The Supreme Court in Ashe set out an approach for applying collateral estoppel in criminal cases that " requires a court to examine the record of a prior proceeding, taking into account the pleadings, evidence, charge, and other relevant matter, and conclude whether a rational jury could have grounded its verdict upon an issue other than that which the defendant seeks to foreclose from consideration." 397 U.S. at 444 (internal quotation marks omitted). As recognized by the Ohio Court of Appeals, collateral estoppel serves as a complete bar against a subsequent prosecution where a fact necessarily determined in the first trial " is an essential element of the subsequent prosecution." Wade II, 2008-Ohio-543, 2008 WL 366143, at *3 (citing Ashe, 397 U.S. at 446). As is relevant here, " collateral estoppel can also bar certain evidence in a subsequent trial" where such evidence involves " an issue of ultimate fact that was determined by a valid and final judgment." 2008-Ohio-543, Id. at *4 (citing Dowling, 493 U.S. at 347).
In its collateral-estoppel analysis, the Ohio Court of Appeals first considered Wade's contention that the jury in his first trial necessarily determined that he did not possess a gun during the relevant course of events. 2008-Ohio-543, Id. at *5. The court explained that Wade admitted to stealing C.B.'s property, but was still acquitted by the first jury of aggravated robbery (defined as " attempt[ing] or commit[ing] a theft offense while possessing a deadly weapon" ) and all firearm specifications. Ibid. Moreover, " the jury asked during its deliberations whether [Wade] must have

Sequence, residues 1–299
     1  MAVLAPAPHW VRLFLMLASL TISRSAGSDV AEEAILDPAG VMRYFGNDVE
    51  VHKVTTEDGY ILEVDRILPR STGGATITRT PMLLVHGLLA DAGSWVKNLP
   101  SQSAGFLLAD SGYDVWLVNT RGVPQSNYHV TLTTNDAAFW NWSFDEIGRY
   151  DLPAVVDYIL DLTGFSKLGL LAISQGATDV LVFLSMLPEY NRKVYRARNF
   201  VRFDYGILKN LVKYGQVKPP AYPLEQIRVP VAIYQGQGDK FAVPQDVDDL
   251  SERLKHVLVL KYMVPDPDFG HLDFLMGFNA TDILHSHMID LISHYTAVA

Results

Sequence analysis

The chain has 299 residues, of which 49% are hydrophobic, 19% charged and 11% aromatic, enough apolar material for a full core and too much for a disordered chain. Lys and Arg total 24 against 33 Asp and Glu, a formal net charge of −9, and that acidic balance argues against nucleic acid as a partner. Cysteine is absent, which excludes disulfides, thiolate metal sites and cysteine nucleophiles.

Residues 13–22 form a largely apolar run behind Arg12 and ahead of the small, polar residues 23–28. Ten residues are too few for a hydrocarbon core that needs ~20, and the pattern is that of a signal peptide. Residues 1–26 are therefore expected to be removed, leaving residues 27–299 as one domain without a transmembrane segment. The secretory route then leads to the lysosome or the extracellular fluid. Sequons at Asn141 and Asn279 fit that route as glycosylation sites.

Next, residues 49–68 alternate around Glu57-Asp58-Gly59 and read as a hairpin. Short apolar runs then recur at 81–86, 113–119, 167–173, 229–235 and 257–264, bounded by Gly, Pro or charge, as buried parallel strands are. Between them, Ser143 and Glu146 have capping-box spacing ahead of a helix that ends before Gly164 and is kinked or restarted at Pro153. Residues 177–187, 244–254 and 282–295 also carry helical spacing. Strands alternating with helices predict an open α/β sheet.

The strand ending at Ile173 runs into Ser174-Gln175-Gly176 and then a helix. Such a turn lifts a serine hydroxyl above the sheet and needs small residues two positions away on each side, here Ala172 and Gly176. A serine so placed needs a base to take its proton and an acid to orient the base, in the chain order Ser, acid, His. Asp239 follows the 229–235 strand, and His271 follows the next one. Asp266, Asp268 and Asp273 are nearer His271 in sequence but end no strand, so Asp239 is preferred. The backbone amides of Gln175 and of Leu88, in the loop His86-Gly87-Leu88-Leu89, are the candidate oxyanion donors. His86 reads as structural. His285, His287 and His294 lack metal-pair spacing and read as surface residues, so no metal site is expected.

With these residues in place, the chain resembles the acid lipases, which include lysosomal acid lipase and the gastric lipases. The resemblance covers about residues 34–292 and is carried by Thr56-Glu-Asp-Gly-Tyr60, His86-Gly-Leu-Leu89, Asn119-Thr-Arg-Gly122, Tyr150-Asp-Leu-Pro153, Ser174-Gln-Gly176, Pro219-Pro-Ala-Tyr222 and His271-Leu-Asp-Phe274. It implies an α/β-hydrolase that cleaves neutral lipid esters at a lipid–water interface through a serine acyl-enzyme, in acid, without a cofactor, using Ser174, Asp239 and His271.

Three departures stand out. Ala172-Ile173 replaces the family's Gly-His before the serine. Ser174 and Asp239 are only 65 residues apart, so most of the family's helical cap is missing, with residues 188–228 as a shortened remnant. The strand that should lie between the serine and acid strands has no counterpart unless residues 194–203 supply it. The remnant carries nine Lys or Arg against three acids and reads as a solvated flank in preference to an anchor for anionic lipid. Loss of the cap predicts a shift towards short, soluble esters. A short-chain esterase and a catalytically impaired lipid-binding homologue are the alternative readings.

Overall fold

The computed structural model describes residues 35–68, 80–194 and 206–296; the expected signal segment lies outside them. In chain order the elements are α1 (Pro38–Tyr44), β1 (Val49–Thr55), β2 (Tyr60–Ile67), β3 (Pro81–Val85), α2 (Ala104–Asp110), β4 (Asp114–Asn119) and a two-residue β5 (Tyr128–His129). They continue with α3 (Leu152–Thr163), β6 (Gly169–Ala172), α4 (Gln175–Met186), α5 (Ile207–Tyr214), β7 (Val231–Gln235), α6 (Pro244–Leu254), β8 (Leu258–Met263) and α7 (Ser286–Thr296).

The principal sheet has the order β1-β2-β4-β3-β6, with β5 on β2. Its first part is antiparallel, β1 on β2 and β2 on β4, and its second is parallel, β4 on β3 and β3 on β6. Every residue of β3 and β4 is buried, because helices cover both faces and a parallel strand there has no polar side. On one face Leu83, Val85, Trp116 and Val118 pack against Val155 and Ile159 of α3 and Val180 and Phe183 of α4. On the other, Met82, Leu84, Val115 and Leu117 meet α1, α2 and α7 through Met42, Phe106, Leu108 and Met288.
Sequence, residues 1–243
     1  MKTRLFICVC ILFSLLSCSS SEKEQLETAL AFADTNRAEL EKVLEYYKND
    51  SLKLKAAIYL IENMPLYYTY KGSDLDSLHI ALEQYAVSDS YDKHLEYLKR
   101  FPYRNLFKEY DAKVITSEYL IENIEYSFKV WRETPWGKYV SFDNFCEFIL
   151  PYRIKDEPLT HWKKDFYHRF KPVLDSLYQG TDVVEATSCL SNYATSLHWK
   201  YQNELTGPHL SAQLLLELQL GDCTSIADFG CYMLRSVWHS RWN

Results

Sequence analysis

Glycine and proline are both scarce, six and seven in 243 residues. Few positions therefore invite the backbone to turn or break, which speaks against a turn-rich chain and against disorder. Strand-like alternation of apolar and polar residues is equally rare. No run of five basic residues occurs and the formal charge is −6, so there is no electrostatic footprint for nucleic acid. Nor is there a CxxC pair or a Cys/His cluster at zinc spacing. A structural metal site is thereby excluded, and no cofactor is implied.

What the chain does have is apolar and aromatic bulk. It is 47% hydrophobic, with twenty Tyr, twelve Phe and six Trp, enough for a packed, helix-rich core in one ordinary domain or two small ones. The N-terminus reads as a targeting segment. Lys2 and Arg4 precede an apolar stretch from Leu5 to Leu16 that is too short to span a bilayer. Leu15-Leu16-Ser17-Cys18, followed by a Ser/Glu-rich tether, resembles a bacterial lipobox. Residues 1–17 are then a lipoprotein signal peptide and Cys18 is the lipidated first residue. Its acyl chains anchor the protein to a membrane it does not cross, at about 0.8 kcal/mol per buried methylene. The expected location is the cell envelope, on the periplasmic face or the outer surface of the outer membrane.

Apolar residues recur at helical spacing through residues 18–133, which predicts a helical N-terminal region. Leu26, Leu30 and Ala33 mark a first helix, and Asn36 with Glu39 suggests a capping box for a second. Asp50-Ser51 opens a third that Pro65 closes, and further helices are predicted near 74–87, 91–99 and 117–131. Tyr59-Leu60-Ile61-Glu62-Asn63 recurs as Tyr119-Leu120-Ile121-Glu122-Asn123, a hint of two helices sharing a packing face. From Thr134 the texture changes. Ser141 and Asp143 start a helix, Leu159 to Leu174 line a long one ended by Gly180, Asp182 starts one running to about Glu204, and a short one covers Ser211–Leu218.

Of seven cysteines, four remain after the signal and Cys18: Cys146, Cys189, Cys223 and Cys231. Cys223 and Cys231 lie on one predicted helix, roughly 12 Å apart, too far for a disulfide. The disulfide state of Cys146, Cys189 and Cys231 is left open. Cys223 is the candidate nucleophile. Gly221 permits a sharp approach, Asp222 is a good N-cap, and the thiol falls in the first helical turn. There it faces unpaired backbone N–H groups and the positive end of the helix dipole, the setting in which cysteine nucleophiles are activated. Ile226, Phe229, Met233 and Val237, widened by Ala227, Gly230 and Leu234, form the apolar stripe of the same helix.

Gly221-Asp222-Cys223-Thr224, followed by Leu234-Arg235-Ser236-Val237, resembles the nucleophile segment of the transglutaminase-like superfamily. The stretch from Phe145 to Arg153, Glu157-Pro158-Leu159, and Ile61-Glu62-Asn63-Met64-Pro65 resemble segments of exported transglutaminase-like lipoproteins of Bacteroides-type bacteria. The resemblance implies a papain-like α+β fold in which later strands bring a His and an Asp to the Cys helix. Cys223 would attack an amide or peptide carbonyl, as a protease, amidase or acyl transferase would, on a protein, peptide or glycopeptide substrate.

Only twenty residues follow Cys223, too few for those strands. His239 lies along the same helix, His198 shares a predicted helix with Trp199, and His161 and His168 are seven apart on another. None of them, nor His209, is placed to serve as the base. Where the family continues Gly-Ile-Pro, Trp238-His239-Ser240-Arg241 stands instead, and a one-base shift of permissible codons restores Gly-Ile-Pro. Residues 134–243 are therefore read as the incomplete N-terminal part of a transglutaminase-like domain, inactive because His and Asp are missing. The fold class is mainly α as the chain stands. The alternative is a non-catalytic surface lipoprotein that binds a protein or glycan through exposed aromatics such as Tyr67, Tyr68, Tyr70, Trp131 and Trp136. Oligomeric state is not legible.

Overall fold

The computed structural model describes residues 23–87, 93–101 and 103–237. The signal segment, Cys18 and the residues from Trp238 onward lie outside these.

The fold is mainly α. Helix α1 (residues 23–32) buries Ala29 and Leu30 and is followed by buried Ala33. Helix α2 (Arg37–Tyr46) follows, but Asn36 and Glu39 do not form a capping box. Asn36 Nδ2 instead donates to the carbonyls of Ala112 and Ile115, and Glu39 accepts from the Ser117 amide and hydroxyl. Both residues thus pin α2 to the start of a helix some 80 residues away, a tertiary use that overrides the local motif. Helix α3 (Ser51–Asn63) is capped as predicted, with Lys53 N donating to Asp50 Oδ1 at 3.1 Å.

had a deadly weapon to find him guilty of aggravated robbery . . . [and t]he trial court replied in the affirmative." Ibid. Therefore, according to the Ohio Court of Appeals, " the first jury actually decided that appellant did not possess a gun during the offenses and it is not conceivable that a rational jury could have grounded its verdict on any other issue." Ibid. 
The Ohio Court of Appeals then analyzed whether this issue addressed in the first trial was an issue of ultimate fact in Wade's subsequent prosecution for kidnapping. As the court correctly recognized, to find Wade guilty of kidnapping in this case, the State had to prove that he " restrained [C.B.'s] liberty using force," ibid. (citing Ohio Rev. Code § 2905.01); however, the statutory definition of " force" did not require the State to prove that Wade used a firearm. Ibid. ; see Ohio Rev. Code § 2901.01(A)(1) (" 'Force' means any violence, compulsion, or constraint physically exerted by any means upon or against a person or thing." ). In fact, Wade could have been convicted of kidnapping without the State ever proving that he had a gun. Wade II, 2008-Ohio-543, 2008 WL 366143, at *5-6. Therefore, according to the Ohio Court of Appeals, the State was not barred under collateral-estoppel principles from admitting evidence that Wade possessed a gun during his attack of C.B. After resolving the collateral-estoppel issue, the Ohio Court of Appeals went on to determine that the firearm testimony was " otherwise admissible" under Ohio rules of evidence because it was " inextricably related to the charges and provides a complete picture of the sequence of events." 2008-Ohio-543, Id. at *6.